Using the Workbook


Using the Workbook

The CD-ROM Workbook contains the kanban calculation form to help with the calculations for the kanban size . Use this form to calculate your kanban quantities . The workbook also contains the answers to the examples in Figures 4-9 and 4-10. Additionally, to facilitate the use of the equations, the Workbook and Figure 4-26 contain a summary of the equations presented in this chapter.

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Figure 4-26: Summary of Equations for Using Method 1 to Calculate the Kanban Size.



Summary

In this chapter you learned how to calculate the kanban quantities for your process. We proposed two methods for determining the quantities :

  1. Calculate the optimal kanban quantity based on your current process data.

  2. Use the current schedule quantity to set up the kanban.

Both methods have decided benefits. Method 1 allows you to optimize the kanban quantities based on the current state of the process, which requires accurate data gathering to make sure you get true results. Figure 4-26 summarizes the equations for using this method, and Figure 4-27 ties these equations to the replenishment interval worksheet.

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Figure 4-27: Application of the Forms to the Replenishment Interval Worksheets.

If the initial results do not look correct when using Method 1, then look at these areas for possible errors:

  • Container sizes force added inventory

  • Incorrect production data ”production requirements, scrap, downtime, and changeovers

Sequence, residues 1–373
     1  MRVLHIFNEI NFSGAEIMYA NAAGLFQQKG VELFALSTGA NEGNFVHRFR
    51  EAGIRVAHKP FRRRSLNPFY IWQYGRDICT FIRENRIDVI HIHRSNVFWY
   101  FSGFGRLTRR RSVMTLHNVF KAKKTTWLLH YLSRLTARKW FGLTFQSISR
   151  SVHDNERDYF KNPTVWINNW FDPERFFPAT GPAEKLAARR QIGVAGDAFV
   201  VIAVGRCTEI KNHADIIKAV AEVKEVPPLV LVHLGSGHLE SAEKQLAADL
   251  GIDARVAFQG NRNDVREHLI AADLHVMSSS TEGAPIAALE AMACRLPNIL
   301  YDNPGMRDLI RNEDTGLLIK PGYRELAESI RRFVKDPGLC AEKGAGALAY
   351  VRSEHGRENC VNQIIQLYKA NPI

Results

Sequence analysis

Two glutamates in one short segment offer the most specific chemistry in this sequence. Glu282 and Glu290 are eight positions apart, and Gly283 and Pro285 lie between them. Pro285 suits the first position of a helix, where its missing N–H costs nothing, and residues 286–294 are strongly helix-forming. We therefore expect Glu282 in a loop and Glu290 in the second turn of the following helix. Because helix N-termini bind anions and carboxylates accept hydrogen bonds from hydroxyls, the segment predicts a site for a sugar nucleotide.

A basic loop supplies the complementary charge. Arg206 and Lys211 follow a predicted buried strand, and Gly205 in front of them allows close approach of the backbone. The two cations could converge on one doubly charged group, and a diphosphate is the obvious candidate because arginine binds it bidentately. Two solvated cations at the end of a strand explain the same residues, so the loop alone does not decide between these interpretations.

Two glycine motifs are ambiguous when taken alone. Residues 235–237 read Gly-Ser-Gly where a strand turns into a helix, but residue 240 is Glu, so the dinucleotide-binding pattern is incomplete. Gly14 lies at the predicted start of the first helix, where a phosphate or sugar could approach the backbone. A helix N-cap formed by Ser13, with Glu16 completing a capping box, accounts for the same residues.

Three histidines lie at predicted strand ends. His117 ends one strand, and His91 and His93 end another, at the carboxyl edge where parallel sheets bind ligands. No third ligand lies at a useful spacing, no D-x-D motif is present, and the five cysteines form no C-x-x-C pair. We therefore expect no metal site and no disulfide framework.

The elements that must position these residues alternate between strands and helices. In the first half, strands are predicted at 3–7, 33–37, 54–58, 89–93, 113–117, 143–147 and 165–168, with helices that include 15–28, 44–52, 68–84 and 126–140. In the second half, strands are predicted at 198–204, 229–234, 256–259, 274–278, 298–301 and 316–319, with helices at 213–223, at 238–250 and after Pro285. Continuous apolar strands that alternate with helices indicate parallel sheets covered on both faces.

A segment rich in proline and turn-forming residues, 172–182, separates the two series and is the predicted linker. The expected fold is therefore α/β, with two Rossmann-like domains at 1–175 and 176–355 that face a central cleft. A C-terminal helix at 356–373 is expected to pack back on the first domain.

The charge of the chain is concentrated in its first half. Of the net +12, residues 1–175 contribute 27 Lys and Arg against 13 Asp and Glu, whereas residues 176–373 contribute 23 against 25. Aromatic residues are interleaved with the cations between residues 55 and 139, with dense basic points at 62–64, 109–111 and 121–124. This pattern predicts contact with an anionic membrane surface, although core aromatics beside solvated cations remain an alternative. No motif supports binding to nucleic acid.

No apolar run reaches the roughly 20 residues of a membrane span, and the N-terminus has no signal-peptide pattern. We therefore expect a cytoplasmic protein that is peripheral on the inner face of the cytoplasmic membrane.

• Incorrect buffer assumptions

  • Incorrect capacity assumptions

Method 2 allows you to avoid the calculations and quickly determine the kanban quantities. However, this method maintains the potential excesses of the current schedule and achieves no calculated inventory reductions.

Regardless of which method you select, when reducing the kanban quantities, use the techniques presented in Chapter 9 to make the reductions. Remember that there is no free lunch , so don't arbitrarily reduce quantities. See Figures 4-14 through 4-17 for examples of how the continuous improvement process can dramatically affect the kanban quantities.

When you begin the process of implementing supplier kanbans, use demand data to develop the order quantity and buffer quantity. Follow the steps layed out in the chapter to calculate these quantities. Once you have these quantities, conduct a quick stockout analysis to confirm the appropriateness of the buffers.

When implementing supplier kanbans, make sure that the supplier agrees to your plans. To develop the kanban quantities, use the information in this chapter to determine the necessary buffers. We also propose use of confidence intervals to handle demand variation.

Use the same process proposed for the supplier kanban to size finished goods kanbans. Do not make a finished goods kanban your first project since learning kanban at the customer's expense may not be the wisest move.

When you have the kanban sized , look at the potential savings. Savings can come from inventory reductions, space reductions, carrying cost reductions, and elimination of obsolescence cost.

Review Appendix A if you have concerns about how EOQ compares to the proposed calculation process. Appendix E proposes an EOQ model and contrasts EOQ versus kanban. Regardless of the potential savings from using the EOQ model, you do not achieve the operational benefits of kanbans without implementing kanban. Additionally, you have to store the inventory calculated by the EOQ somewhere even if you have a lower batch cost.

Finally, the form in the CD-ROM Workbook will help you calculate the replenishment interval, buffer, and container quantities for your kanban.